Using Polymers to Improve the Performance of Sulfur and Organic Cathodes
MetadataShow full item record
Pollution, climate change and the rapid consumption of fossil fuel resources are driving the development and adoption of clean and renewable energy sources, including hydro, wind and solar power, as well as non-fossil fuel powered products such as electric vehicles. Therefore, there is an urgent and growing demand for corresponding high-efficiency, high-density, and low-cost energy storage systems. Among them, Li, Na, K, Mg, Zn, and Al-ion batteries and other types of rechargeable batteries have the characteristics of high efficiency and reversibility, light weight, environmental friendliness, and low cost, and have been widely studied in academia and industries. While extensive research over the past decades has led to the highly successful commercialization of lithium-ion batteries in portable electronics and electric vehicles, there have been many efforts to develop next-generation batteries with higher energy density, longer cycle life, and lower cost, such as batteries based on sulfur and organic materials. This thesis has explored the use of functional polymers to improve the specific capacity, discharge voltage, cycling, and rate performance of sulfur and organic cathodes. Through a combination of characterization techniques including thermal gravimetric analysis (TGA), Fourier transform infrared spectroscopy (FTIR), X-ray diffraction (XRD), cyclic voltammetry (CV), chronopotentiometry, electrochemical impedance spectroscopy (EIS), galvanostatic cycling, UV-Vis, and peel test, new insights into the strategies for tackling the dissolution issue of sulfur and organic cathodes, conductivity change of conductive polymers in the battery, capacity fading mechanism, and charge storage mechanism have been gained. These findings may inspire the development of novel cathode materials with higher energy density and lower cost than conventional intercalation cathode materials. Firstly, a multi-functional PEDOT:PSS-Mg2+ binder formed by cross-linking PEDOT:PSS with Mg2+ was developed for the sulfur cathode in Li–S batteries. This new binder has a robust 3-D network structure achieved by the cross-linking of PSS- anions with Mg2+ ions, and a strong binding ability toward lithium polysulfides due to the strong interaction between the oxygen atoms in PEDOT and lithium polysulfides. These functionalities can increase the charge transfer reactions, cushion the drastic volume change during discharge/charge cycling, and trap the soluble lithium polysulfides in the cathode. The Li–S battery with a cathode using this new binder exhibited an initial capacity of 1097 mA h g-1 and capacity retention of 74% over 250 cycles at 0.5C, which are significant improvements compared with the Li–S battery using a conventional PVDF binder. Moreover, the preparation of the cathode slurry and the subsequent cathode fabrication using the PEDOT:PSS-Mg2+ binder uses water present in the PEDOT:PSS dispersion as the only dispersing solvent, which eliminates the use of any organic solvent, making the fabrication of Li–S batteries more environmentally friendly. Therefore, this study demonstrated that the cross-linked PEDOT:PSS-Mg2+ is a very promising new binder for high-performance Li–S batteries. Secondly, an innovative facile in-cell electrochemical polymerization method has been developed to incorporate a conductive polymer PEDOT into the sulfur cathode, which enables an intimate contact between PEDOT and other components in the cathode, leading to enhanced electron transport and effective trapping of soluble polysulfides. As a result, the sulfur cathode with the in-cell formed PEDOT shows substantially improved capacity, cycling stability, and rate performance compared with that using the commercial PEDOT. Furthermore, it has been found that the conductivity of PEDOT changes drastically during the battery cycling process, which affects the battery performance. Finally, the in-situ synthesis of PEDOT has been applied to LiFeO4 cathode, and a notable improvement in the specific capacity has been observed. Thirdly, a series of one-dimensional coordination polymers using 2,5-dihydroxy-1,4-benzoquinone (DHBQ) as the ligand and divalent metal ions (Ni, Co, Mn, Zn, and Cu) as the metal center have been synthesized and their electrochemical properties have been compared. It has been found that the coordination polymers using Ni, Co, Mn, and Zn (M-DHBQ·2H2O) exhibit the redox activities of both metal and ligand in the potential range of 0.5~3 V vs. Li+/Li, while the coordination polymer using Cu (Cu-DHBQ) only exhibits the redox activity of the ligand in the same potential range. In the potential range of 1.3~3 V vs. Li+/Li where only the DHBQ ligand is redox active, Cu-DHBQ exhibits the highest utilization of the quinone groups among the as-synthesized coordination polymers. Moreover, the capacity fading mechanism of Cu-DHBQ cathode is identified as the dissolution of the discharged product or intermediate in the electrolyte by UV-Vis analysis. By using the alginate binder (25 wt% in the cathode), which can strongly bind the electrode film and effectively trap the soluble species, the Cu-DHBQ cathode exhibits a high capacity of 261 mA h g-1 (98.1% of the theoretical capacity) at the current rate of 20 mA g-1, and can maintain a capacity of 194 mA h g-1 after 200 cycles at 100 mA g-1 with a capacity retention of 91.5%. Furthermore, our coordination approach is very versatile and can be extended to other ligand such as 2,5-dichloro-3,6-dihydroxy-1,4-benzoquinone (DHBQ-Cl) which has a higher discharge voltage than that of DHBQ. The Cu-DHBQ-Cl cathode shows a fast capacity fading, which might be caused by the collapse of the crystal structure after Li+ insertion. Nevertheless, our approach opens up a new avenue for the application of coordination polymers in energy storage. Finally, the stabilization of organic cathode through acid-base interaction with polymer binders has also been studied. It has been found that the binder approach for improving the cycling stability of organic cathode is only an auxiliary approach, whereas the polymerization approach, which includes the formation of conventional polymers, macrostructures, coordination polymers, covalent organic frameworks (COFs) and metal organic frameworks (MOFs), is be considered as the primary approach. Finally, two diketopyrrolopyrrole (DPP) based conjugated polymers, namely diketopyrrolopyrrole-quaterthiophene copolymer (PDQT) and diketopyrrolopyrrole-bithiophene polymer (PDBT) have been explored as the cathode materials for Li-ion storage. The PDQT cathode shows a p-type charge storge mechanism with a theoretical capacity of 52.4 mA h g-1 and an experimental capacity of 44.4 mA h g-1 (corresponding to a high doping level of 42%), while the PDBT cathode shows a bipolar charge storage mechanism with a theoretical capacity of 93.6 mA h g-1 and an experimental capacity of 17.1 mA h g-1. The experimental average discharge voltages of PDQT and PDBT cathodes are ~3.8 and ~2.95 V, respectively, which are one of the highest among organic cathodes. Further optimization of the testing condition (e.g. nanocomposite formation with porous carbon, better electrolyte solvent which is stable over a broad potential range so that both the p- and n-doping reaction can occur) is needed to increase the experimental capacity of PDBT.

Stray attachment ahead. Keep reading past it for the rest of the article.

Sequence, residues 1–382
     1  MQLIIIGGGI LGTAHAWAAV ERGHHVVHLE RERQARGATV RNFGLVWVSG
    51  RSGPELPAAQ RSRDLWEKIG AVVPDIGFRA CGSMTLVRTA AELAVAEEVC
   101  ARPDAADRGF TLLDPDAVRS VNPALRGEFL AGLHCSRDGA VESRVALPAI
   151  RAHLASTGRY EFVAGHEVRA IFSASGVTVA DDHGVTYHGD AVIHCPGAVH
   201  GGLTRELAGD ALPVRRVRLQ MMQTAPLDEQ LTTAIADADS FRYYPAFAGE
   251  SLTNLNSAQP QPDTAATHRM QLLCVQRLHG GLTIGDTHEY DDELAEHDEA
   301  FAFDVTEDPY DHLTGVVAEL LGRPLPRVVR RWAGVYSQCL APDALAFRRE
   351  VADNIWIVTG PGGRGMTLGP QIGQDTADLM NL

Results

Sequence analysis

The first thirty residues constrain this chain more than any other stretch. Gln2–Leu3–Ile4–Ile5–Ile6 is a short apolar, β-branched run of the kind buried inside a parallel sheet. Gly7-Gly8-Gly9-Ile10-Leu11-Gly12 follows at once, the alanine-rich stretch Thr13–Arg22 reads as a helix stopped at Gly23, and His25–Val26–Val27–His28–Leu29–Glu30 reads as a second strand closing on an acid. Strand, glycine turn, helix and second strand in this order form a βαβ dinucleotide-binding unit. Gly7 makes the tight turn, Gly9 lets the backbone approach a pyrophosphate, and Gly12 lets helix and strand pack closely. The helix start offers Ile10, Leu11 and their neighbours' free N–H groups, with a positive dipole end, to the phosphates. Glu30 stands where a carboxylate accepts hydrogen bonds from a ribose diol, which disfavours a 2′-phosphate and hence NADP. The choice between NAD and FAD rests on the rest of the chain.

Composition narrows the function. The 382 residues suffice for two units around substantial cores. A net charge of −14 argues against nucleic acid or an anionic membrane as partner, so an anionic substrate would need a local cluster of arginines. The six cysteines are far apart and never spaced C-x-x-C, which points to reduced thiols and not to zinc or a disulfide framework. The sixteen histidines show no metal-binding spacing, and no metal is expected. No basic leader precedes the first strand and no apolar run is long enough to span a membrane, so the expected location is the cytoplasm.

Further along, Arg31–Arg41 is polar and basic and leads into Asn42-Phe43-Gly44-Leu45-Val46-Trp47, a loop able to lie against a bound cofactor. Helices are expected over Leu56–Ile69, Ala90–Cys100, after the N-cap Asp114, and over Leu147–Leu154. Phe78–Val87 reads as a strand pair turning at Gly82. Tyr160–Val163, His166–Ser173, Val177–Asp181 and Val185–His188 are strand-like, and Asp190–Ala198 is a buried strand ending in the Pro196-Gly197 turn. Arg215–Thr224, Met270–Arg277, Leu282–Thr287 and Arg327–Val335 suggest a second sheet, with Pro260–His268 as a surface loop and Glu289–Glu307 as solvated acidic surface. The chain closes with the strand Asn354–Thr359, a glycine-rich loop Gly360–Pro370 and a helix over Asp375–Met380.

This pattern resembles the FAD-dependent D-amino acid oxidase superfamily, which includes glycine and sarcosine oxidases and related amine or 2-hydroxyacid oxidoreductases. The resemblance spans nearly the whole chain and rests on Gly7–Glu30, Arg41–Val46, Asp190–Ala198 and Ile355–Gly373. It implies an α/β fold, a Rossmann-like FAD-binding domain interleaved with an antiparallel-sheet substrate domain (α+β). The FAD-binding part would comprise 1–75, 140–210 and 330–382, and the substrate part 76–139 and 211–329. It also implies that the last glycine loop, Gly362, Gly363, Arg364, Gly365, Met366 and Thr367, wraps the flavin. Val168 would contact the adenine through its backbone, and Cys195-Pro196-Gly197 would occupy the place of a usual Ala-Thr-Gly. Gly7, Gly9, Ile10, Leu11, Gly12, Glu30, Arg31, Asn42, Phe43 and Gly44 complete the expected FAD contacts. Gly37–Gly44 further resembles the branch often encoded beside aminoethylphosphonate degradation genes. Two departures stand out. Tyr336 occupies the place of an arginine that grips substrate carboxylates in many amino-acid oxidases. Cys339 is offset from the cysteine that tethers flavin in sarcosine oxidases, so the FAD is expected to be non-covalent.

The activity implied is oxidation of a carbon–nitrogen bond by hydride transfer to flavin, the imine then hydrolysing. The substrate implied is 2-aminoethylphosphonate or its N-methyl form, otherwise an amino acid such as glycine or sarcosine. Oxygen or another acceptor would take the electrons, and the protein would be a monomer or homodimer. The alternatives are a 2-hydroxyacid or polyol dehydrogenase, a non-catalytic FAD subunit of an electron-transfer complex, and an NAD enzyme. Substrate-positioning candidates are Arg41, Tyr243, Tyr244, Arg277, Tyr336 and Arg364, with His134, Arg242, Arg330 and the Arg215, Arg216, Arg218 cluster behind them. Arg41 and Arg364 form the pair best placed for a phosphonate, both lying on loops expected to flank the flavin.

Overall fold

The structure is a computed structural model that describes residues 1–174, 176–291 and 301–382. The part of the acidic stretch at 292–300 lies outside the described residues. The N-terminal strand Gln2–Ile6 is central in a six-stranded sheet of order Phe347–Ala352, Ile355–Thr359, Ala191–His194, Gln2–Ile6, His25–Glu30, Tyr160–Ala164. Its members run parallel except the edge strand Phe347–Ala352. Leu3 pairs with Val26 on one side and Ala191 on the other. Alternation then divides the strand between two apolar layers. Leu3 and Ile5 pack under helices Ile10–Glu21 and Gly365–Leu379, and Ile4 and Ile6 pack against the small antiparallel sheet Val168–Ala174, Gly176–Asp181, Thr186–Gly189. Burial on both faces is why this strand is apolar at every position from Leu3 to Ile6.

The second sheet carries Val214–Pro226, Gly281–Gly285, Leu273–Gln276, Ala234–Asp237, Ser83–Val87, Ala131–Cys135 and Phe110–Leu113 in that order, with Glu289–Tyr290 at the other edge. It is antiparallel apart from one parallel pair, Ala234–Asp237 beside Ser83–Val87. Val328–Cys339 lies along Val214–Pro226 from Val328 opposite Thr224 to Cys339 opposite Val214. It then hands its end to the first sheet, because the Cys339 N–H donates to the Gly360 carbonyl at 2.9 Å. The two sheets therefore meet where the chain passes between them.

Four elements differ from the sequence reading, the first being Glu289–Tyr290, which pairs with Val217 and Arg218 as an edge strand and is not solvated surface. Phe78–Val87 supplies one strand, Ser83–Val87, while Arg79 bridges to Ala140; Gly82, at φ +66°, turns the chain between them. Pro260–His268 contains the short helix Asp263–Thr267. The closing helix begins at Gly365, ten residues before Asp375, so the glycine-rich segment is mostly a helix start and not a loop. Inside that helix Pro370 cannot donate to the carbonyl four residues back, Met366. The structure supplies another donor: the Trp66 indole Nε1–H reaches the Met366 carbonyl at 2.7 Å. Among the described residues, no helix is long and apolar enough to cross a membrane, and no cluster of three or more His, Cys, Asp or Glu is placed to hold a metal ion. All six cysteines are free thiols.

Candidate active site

Cite this version of the work
Xiguang Gao (2022). Using Polymers to Improve the Performance of Sulfur and Organic Cathodes. UWSpace. http://hdl.handle.net/10012/18906